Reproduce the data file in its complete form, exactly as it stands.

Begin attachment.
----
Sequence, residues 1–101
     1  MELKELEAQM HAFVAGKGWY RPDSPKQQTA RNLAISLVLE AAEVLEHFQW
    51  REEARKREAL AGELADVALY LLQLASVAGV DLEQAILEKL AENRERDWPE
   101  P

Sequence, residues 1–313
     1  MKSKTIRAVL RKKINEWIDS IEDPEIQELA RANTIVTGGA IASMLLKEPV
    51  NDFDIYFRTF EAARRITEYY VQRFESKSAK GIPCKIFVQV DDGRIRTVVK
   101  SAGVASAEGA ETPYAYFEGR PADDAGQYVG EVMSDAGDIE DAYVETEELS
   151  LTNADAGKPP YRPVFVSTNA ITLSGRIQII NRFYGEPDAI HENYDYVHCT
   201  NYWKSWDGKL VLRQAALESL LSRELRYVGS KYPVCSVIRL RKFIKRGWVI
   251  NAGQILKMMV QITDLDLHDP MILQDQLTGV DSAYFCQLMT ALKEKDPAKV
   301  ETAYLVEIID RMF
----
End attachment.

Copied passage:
Sequence, residues 1–101
     1  MELKELEAQM HAFVAGKGWY RPDSPKQQTA RNLAISLVLE AAEVLEHFQW
    51  REEARKREAL AGELADVALY LLQLASVAGV DLEQAILEKL AENRERDWPE
   101  P

Sequence, residues 1–313
     1  MKSKTIRAVL RKKINEWIDS IEDPEIQELA RANTIVTGGA IASMLLKEPV
    51  NDFDIYFRTF EAARRITEYY VQRFESKSAK GIPCKIFVQV DDGRIRTVVK
   101  SAGVASAEGA ETPYAYFEGR PADDAGQYVG EVMSDAGDIE DAYVETEELS
   151  LTNADAGKPP YRPVFVSTNA ITLSGRIQII NRFYGEPDAI HENYDYVHCT
   201  NYWKSWDGKL VLRQAALESL LSRELRYVGS KYPVCSVIRL RKFIKRGWVI
   251  NAGQILKMMV QITDLDLHDP MILQDQLTGV DSAYFCQLMT ALKEKDPAKV
   301  ETAYLVEIID RMF